More states in Africa seem keen on joining the global Islamic finance sector, which is projected to be worth $2 trillion by the end of 2014. According to Moody’s Investors Service, global issuance of sovereign Islamic bonds – also known as “sukuk” – is expected to increase 30 percent in 2014 to reach $30 billion.
In September 2014, South Africa sold its first-ever sukuk at a record low borrowing cost. The $500 million 5.75-year sukuk has been launched at a yield of 3.9 percent. Almost 60 percent of investors participating in the deal are from the Middle East. BNP Paribas SA, KFH Investment, and Standard Bank Group Ltd. reportedly arranged the sale.
Other sub-Saharan states have made or contemplated similar moves recently. In June 2014, Senegal raised $208 million through its first sukuk. Also, it has been reported that sukuk is part of Nigeria’s strategic framework through 2017. And Kenya may offer sukuk to broaden its investor base.
Islamic finance also has gained traction in North Africa, where states have introduced new regulations as they seek alternative funding. In July 2014, Tunisia passed a new law allowing the issuance of sukuk. In June 2014, Morocco’s lower house of parliament approved an Islamic banking bill. Now before the country’s upper house of parliament, the bill is being evaluated by Morocco’s Economic, Social and Environmental Council (CESE), which offered revisions in August 2014. Egypt has been keen on tapping into the sukuk market, but its sukuk law has stalled since 2013. The government reportedly plans to submit a revised draft law to the new parliament which may be elected later this year. According to Standard & Poor’s, the use of sukuk could help diversify investors’ base for some of the projects currently underway or in development for North Africa, including renewable energy, transport infrastructure, and communications. Still, the process is expected to be gradual.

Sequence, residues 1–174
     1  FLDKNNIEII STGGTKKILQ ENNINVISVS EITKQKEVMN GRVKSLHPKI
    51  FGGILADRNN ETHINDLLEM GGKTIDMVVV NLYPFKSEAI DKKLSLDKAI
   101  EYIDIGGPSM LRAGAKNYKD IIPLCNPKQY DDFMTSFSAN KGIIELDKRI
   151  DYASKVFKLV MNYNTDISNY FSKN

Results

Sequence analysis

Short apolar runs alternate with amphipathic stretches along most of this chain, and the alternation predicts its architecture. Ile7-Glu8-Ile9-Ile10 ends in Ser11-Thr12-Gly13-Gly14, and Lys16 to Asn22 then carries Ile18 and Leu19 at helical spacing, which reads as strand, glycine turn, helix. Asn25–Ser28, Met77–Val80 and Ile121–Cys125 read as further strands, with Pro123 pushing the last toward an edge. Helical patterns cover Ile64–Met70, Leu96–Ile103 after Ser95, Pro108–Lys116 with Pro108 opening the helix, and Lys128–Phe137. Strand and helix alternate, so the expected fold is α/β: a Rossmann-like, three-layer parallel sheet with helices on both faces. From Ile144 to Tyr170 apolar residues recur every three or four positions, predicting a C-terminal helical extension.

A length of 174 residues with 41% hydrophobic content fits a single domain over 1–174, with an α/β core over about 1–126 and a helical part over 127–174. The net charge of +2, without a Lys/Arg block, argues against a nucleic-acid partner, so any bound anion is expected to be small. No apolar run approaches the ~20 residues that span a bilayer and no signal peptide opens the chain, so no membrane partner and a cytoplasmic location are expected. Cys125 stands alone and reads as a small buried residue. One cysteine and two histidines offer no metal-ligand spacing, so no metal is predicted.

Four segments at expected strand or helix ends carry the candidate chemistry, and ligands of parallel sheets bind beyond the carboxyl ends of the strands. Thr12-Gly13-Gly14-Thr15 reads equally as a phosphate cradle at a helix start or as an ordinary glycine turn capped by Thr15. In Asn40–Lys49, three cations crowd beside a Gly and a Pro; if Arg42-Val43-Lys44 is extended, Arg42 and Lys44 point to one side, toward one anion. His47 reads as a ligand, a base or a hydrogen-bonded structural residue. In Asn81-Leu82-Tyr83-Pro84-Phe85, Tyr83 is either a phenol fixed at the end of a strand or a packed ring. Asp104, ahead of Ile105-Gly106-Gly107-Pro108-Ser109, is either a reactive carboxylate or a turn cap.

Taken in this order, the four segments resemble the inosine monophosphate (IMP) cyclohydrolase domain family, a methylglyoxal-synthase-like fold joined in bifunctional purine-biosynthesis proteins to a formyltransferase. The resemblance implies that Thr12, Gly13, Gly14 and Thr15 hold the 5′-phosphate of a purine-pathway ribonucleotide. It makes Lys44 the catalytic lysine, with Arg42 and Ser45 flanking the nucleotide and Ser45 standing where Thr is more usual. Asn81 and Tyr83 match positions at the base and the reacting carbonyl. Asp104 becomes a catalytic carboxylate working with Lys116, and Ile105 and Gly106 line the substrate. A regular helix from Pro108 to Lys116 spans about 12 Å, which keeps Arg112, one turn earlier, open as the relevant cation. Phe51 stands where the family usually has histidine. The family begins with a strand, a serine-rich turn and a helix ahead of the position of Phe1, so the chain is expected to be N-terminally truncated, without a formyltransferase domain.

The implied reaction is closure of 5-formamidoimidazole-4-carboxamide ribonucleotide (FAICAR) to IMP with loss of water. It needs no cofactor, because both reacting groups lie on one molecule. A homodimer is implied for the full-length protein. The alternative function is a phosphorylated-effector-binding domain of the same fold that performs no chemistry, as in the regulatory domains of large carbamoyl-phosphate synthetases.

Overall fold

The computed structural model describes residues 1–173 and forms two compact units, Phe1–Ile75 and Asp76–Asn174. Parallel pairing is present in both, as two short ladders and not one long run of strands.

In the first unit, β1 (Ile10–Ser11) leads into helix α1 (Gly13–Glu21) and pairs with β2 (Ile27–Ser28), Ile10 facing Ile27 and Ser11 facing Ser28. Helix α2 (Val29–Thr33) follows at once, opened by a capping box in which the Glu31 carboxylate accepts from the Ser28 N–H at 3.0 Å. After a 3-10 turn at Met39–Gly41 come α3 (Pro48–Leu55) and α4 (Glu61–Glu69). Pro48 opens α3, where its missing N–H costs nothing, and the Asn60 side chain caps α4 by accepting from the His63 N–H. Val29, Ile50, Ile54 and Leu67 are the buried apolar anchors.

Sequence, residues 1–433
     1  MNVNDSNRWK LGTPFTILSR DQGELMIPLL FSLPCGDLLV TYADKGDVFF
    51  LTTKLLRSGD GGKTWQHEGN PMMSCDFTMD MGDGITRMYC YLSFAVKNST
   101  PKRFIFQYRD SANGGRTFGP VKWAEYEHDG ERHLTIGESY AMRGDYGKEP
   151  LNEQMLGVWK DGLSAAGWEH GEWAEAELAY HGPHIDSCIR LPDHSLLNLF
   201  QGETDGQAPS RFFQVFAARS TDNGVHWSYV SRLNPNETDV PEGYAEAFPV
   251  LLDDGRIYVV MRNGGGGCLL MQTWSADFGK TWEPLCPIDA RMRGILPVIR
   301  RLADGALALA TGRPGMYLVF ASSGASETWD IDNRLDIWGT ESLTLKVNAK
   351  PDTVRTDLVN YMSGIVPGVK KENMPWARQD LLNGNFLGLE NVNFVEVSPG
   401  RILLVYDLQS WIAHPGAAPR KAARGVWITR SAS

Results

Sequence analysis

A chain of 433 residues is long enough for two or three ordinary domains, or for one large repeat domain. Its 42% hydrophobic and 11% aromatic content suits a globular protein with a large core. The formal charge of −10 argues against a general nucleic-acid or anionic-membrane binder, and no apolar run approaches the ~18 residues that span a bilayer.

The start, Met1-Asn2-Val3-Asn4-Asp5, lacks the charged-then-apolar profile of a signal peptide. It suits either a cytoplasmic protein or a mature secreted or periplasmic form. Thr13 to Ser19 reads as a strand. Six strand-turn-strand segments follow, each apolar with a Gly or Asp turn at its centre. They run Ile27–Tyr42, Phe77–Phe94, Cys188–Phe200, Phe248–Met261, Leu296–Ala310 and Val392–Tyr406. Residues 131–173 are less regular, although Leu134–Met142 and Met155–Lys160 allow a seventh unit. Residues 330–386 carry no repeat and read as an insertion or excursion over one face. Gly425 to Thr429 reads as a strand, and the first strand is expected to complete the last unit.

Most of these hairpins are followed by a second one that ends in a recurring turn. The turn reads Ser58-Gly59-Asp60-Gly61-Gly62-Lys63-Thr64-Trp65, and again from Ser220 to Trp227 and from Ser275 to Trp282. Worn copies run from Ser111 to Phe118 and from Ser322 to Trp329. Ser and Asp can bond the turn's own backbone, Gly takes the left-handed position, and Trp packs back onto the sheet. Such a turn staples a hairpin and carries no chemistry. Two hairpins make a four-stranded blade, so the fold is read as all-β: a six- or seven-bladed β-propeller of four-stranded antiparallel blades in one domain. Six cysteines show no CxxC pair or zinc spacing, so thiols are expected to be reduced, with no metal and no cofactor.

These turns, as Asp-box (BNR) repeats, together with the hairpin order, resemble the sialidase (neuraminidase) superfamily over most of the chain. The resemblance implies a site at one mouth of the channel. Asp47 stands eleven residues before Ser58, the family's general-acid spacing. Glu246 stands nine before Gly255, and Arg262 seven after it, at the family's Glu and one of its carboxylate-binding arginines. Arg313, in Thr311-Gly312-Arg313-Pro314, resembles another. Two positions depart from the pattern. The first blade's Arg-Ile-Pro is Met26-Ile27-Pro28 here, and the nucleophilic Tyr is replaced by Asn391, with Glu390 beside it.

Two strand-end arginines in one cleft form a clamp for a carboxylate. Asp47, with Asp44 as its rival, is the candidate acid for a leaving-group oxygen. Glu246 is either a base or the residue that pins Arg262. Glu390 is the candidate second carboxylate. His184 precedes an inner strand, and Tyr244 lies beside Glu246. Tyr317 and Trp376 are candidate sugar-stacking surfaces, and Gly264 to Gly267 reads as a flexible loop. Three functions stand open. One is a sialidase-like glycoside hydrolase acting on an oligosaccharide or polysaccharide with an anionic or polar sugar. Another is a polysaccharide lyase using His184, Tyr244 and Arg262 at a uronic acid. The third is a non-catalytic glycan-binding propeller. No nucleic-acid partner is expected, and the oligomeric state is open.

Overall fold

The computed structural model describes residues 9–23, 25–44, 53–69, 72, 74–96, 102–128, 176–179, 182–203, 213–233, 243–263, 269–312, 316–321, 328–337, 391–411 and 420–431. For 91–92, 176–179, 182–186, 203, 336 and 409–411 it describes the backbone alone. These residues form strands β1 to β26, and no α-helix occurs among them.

As Africa creates its own footprint in the Islamic finance sector, it may see several new investors and opportunities in the years ahead.